As we talk about the current events of today, many questions come to mind. According to Steven Pinker’s book ‘The Better Angels of Our Nature: Why Violence Has Declined’, we are living in the most peaceful time in world history. Albeit, civil wars still being fought in Middle- eastern and African countries, mass shootings across the United States, religious genocide in Myanmar, random terrorist acts around the world, human - trafficking across Asia, the bleak list just goes on and on. Of course, Steven Pinker’s statement is backed up by hard true facts and comparisons between then and now; but should we really take his word for it, or should we as conscious human beings, really open our eyes, and look for ourselves at today’s state of affairs? Have we learnt from our past mistakes or are we merely repeating history?

Ivan Lam’s ‘To Forgive’ reflects on the horrors of World War II, that his grandmother had lived through; the Japanese invasion of Malaysia. It consists of a hand-sewn quilt by his grandmother, that was given to him at the age of 12. The work is visually simple, a quilt

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wrapped around a board and encased in resin. On the lower half of the work, a cropped logo of the upcoming 2020 Tokyo Olympics serves as an ironic reflection of the past. “The axe forgets what the tree remembers”, an African proverb lies across the top half of the work, in a tribute to his grandmother and the tribulations she faced having lived through a painful and ugly war. Although the proverb speaks of the past, it is still heavily applicable to the situation in many parts of world today, with many “axes” and “trees” still at work - as men, women and children are forced to flee their homes, due to forces beyond their control, not knowing what the future holds.

In a continuation of the displacement of people in the world due to crisis, Chong Kim Chiew’s practice revolves around the mapping of people and their movement. In this series of work, the maps are a “tracing” of his travels throughout Malaysia. With his “Body and Border”

series, Chong is taking the sense of identity in movement to a more literal and personal sense.

As half and quarter human figures are seen with maps painted on them. For the artist, our body itself is a secret, complex and overlapping map; our blood vessels pose as a mental note that our movement resembles a slim-flowing river, an endless migration. From the beginning of our birth to our untimely death, we (our body) move and migrate to different places. The residue of this movement is what the element of complexity and overlapping becomes.

Choy Chun Wei, on the other hand, seeks a different sense of identity through his complex collage constructions. In many parts of the world, Asia in particular, an introduction, is most often done so with a name card. Hence, the job depicted on your name card then becomes your immediate and associated identity and existence. Choy binds together a collection of name cards from his travels. He seeks to bring a reflected perspective on contemporary human existence, specifically the commodification process that is currently taking place in today’s society. A bricolage of identities, yet ones that are only of surface value; communal intimacy is being lost amongst us. Instead, self-preservation seizes over through the physical existence of name cards.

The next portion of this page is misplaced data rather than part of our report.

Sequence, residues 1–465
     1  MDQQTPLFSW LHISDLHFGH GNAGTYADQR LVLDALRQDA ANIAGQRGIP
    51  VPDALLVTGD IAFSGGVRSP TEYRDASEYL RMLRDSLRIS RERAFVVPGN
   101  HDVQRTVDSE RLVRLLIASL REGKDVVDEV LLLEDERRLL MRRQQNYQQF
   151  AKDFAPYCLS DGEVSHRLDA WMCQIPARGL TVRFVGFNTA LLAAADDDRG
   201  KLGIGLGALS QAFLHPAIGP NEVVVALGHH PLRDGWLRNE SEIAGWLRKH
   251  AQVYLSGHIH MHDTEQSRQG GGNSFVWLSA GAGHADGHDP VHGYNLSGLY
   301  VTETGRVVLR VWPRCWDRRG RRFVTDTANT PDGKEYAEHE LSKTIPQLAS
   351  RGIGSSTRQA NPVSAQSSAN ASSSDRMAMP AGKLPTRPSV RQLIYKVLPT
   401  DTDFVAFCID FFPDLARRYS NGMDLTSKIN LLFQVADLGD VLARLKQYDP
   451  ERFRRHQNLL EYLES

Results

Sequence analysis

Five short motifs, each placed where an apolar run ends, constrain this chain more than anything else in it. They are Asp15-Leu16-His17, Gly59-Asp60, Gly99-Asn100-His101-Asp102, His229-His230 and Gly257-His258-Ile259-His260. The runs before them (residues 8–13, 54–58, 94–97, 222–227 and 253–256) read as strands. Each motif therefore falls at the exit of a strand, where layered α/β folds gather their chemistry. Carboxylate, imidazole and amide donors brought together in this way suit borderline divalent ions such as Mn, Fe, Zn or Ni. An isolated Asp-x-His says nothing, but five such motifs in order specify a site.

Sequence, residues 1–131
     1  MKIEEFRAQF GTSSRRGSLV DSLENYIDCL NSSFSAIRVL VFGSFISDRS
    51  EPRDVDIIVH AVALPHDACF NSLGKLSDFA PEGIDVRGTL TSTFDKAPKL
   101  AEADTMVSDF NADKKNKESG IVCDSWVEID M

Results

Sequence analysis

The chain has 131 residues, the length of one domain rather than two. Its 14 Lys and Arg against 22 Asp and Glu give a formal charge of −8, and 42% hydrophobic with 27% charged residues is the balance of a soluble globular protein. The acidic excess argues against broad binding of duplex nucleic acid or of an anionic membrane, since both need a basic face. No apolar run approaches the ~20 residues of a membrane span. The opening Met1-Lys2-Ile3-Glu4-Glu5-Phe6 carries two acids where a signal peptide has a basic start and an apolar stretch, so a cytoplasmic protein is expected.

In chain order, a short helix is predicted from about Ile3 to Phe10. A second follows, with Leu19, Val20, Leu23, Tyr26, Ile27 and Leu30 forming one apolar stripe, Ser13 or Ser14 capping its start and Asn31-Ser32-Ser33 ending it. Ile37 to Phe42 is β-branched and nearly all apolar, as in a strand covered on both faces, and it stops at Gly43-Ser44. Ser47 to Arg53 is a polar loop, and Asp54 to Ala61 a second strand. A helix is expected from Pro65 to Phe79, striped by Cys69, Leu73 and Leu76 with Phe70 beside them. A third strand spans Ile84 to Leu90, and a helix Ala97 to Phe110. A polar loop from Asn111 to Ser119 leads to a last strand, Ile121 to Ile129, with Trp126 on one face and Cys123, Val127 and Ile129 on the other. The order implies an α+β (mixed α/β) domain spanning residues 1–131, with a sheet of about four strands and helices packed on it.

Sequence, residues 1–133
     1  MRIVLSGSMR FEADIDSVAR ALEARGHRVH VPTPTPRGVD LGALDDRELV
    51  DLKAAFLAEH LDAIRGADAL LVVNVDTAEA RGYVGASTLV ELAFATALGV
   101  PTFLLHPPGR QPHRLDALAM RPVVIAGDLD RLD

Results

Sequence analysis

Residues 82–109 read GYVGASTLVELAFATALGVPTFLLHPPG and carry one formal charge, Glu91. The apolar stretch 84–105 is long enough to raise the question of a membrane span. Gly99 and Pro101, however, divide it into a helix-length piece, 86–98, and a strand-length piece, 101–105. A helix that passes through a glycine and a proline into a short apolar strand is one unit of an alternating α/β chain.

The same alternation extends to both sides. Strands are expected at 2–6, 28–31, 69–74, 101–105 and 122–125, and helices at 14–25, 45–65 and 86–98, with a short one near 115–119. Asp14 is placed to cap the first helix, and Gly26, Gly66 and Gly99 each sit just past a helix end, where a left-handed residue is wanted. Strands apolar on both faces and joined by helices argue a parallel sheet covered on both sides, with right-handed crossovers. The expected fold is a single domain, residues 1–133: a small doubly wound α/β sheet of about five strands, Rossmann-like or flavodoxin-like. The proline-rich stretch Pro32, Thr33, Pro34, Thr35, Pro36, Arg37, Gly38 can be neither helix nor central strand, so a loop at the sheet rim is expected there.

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According to psychology, the self is an assimilation of knowledge and experiences. Such is the case with Chin Kong Yee’s ‘Hamburg City Hall’. A painting that combines the East and West;

Chin applies the techniques and mediums traditionally used in a Chinese ink painting, to a visual that is akin to an oil painting. The scene is a photograph he took while in Europe, it was then manipulated allowing him to have a clearer vision of his “altered reality”, reminding him of the smells, sounds and sense of the place, which he then captures in his work. Chin’s painting is a visual representation of opposing dualities that have been merged together through memory of time and place.

Opposing dualities is ever present in ‘Collision’ by Ruzzeki Harris. A diptych oil painting that depicts a pair of powdered wigs and boxing gloves. The boxing gloves are placed to simulate the wigs punching one another, engaging in a battle. ‘Collision’ looks at and questions judicial systems within Malaysia, where the judiciary is perhaps not as autonomous as it could be and is fighting against itself?‘

‘2 Pigs’ and ‘Ms. September’ by Sean Lean, further questions the state of Malaysia today in the conflicts between a conservative Islamic nation and its positioning as a modern democratic society. ‘2 Pigs’, a title that is quite literal, shows two pigs in the act of fornication, but with the back half of the pigs distorted and censored. A similar technique is applied to